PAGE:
tucker-me-devem.png

Tom of T.H.U.M.B!

The animation is limited. The cartoon it was embedded within — The King Kong Show — was pretty dry stuff. But Tom of T.H.U.M.B. is an oldie but goodie, a take on the dim but earnest hero. Tom did tiny superhero early! I still remember the following swimming pool full of nitro episode, and that Swinging’ Jack was a cool name for a sidekick. Enjoy. (By the way, the villainous organization M.A.D. stands for Maladjusted, Antisocial, and Darn Mean.)

A flash fiction Holly story

A couple of items:

TWO STORIES COMING! My story about Holly being possessed (the theme: transform) will go into Fault Zone, an anthology that the Peninsula branch of the California Writers Club (CWC) prints once a year. Their standards are high, at least for me. Also, I sent a story to Scripting Change (my third), Holly’s second encounter with the Karate Queen (the theme: recovering from domestic violence). So I’ll be posting links when they are available. I am slowly becoming an author. (Still have to put a couple stories on Kindle that are ready to go.)

FLASH FICTION! A week ago, at the Fremont CWC, we had a flash fiction exercise with the first line:

As I came out of the coffee shop, there he was again. The stocky grey-haired man. Was he following me?

And below is what I wrote. (I edited and added a little after the exercise.)

Did he have a death wish, like those pervy paparazzi whose telephoto lenses keep zooming in on my butt whenever the slightest breeze brushes my red cape aside? There were still those who tried zooming in on my super-bosom. Usually one growl from me and they retreated, fearful of a telephoto suppository.

No. He did not look the type. He wore a plain grey suit. White shirt. Grey tie. Grey eyes. He was older, but healthy-looking. He walked like a retired linebacker, firmly but gently stomping toward me.

Was he a supervillain? If so, he was certainly not stealthy. And against me, the mightiest of the superheroes, or should I say superheroine, he’d need a lot of muscle. His hands were thick, callused, nails cracked. Many decades of manual labor in those hands. Reminded me of growing up, and meeting the farmers who never ever seemed to stop working. I was still getting used to being a superheroine, getting the call to come to the rescue butting into my life. Remembering the farmers helped me put things into perspective, helped me see what real labor was. Sort of. I STILL hated having to leave half an iced mocha and an early draft of my next graphic novel to go punch out those annoying members of the super man-up club, GOD I hate those guys, most rudely stupidly macho morons ever!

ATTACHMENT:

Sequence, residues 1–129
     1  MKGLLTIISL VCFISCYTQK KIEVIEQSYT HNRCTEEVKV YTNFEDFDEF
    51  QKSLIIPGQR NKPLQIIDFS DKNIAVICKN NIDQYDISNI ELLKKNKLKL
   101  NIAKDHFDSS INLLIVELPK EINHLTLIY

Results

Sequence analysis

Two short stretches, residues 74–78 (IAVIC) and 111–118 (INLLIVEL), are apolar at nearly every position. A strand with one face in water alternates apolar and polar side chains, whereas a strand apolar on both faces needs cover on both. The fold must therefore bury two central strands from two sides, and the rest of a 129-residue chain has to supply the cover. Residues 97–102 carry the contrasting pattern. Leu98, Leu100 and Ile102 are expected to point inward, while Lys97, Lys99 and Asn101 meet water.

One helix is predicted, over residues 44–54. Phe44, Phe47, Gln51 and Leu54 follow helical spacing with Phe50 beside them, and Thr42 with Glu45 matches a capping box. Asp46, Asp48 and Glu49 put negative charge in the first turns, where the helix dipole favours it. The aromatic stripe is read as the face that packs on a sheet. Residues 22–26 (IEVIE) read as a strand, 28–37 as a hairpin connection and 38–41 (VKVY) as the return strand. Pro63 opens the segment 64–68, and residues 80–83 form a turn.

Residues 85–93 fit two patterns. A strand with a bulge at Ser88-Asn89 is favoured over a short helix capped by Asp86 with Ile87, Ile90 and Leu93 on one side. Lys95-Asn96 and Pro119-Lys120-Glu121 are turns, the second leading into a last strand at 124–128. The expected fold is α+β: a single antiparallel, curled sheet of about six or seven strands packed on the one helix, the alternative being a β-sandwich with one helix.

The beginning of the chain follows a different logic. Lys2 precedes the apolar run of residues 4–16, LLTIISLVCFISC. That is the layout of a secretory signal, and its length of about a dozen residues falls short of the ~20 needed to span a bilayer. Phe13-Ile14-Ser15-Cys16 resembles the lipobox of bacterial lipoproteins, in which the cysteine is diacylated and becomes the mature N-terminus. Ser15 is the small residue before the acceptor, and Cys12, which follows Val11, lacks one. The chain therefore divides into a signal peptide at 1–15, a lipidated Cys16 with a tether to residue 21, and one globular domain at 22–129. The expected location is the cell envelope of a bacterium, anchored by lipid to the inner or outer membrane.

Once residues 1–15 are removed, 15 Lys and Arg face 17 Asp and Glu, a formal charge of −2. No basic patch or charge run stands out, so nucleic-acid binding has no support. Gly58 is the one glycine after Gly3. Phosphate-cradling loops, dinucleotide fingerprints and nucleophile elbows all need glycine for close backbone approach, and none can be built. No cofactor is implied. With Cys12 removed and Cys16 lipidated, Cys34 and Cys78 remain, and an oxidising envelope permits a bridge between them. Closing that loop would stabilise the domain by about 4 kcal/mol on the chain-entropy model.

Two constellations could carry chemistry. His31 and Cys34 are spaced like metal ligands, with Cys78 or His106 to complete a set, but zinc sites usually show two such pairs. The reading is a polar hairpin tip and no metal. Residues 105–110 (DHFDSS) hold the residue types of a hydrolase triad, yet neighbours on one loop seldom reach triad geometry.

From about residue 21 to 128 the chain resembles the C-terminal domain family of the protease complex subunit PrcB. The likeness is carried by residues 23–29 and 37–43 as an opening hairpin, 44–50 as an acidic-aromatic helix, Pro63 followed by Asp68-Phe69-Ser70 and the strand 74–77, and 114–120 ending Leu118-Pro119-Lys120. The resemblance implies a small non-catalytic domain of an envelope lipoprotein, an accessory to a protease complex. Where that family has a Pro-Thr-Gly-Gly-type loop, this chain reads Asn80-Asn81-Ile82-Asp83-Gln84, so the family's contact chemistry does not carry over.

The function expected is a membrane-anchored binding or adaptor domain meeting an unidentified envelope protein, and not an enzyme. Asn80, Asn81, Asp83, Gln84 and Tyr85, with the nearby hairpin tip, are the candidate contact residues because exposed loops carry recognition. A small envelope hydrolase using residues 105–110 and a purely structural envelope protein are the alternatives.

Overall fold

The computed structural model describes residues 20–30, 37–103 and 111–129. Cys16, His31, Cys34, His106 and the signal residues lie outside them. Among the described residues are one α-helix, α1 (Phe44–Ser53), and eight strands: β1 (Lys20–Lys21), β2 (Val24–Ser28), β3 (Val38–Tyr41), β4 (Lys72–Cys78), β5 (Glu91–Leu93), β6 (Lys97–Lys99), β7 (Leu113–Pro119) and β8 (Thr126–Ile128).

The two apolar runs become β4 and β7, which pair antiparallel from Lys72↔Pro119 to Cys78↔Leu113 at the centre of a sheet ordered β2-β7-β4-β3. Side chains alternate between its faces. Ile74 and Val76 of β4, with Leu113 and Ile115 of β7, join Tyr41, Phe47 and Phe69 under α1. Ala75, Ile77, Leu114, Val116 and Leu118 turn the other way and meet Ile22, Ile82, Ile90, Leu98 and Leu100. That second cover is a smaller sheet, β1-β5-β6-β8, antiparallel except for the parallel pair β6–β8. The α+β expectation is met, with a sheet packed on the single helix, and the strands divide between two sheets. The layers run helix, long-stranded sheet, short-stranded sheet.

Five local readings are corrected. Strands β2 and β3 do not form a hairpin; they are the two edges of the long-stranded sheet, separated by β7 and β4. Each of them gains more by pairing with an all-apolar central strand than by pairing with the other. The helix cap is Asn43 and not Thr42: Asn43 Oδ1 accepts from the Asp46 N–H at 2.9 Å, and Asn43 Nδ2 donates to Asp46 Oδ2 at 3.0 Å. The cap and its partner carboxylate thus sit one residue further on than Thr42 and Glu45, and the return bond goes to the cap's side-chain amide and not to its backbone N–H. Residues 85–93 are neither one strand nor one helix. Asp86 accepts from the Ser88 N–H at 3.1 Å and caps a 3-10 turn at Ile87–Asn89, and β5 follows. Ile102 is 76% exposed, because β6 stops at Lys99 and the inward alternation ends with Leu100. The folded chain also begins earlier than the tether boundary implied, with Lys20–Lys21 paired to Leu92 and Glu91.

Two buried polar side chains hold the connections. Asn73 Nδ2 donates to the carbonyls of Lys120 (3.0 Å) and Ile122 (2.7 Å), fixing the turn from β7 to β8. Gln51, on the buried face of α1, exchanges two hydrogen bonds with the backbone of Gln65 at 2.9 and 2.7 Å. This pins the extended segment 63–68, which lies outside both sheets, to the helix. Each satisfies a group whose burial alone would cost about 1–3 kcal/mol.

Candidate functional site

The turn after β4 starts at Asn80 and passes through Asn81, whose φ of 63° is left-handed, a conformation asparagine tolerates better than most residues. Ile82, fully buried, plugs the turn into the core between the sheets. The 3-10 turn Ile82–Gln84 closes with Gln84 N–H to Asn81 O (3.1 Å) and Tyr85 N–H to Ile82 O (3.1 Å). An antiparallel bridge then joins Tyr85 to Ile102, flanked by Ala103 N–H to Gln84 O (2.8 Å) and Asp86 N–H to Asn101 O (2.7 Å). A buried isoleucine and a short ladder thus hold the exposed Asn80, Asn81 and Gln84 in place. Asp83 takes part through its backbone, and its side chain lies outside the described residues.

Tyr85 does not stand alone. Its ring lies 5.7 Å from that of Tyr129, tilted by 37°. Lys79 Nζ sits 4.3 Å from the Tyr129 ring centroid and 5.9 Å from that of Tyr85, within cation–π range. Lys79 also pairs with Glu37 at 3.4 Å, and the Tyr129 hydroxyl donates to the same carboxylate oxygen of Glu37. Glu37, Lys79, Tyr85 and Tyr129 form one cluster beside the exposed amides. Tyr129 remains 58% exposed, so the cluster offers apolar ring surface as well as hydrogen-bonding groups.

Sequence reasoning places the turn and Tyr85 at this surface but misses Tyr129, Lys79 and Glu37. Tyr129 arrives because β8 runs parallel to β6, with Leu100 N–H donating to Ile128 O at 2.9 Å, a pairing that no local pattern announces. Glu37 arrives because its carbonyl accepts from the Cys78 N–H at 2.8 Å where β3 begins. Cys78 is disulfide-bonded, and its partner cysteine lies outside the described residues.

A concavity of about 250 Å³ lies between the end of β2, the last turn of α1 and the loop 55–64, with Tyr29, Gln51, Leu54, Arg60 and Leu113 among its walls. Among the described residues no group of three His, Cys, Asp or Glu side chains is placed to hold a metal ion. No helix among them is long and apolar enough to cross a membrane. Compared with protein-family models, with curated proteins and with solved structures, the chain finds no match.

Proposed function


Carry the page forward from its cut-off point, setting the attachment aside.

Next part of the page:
But this guy. He stared at me. But he did not ogle me. And he came closer, closer. And I set my e-bracelet to call Cal the Intellectual just in case. And he stopped in front of me.

“Are you Miss Holly Hansson?” He rolled his Rs with a thick accent from some ancient slavic country. And really, I was in my blue supersuit and red cape. My cape and my long blonde hair were blowing in the wind. He must not watch the news very often.

“Yes,” I said.

He reached into his jacket. I remembered Michael Corleone protecting his (God)father with the same exact motion. I tensed, but remembered I was bulletproof.

He pulled out a graphic novel. “My granddaughter in the old country. She vants your autograph.”

“Certainly, I’d love to.” Ah, another fangirl. I’d have to give him my card so she could contact Kittygirl and maybe join my fanclub. Kittygirl loved to meet new fans. Even if she could only email them.

I opened the book, usually I signed the inside front cover. Then I noticed that I would not be the first person to scribble in this book. All the word balloons had writing near them. He must have translated the entire story into his native tongue. The penmanship was strong, legible, all capital letters. He’d even translated the sound effects words. A dog bark was BOFF instead of WOOF.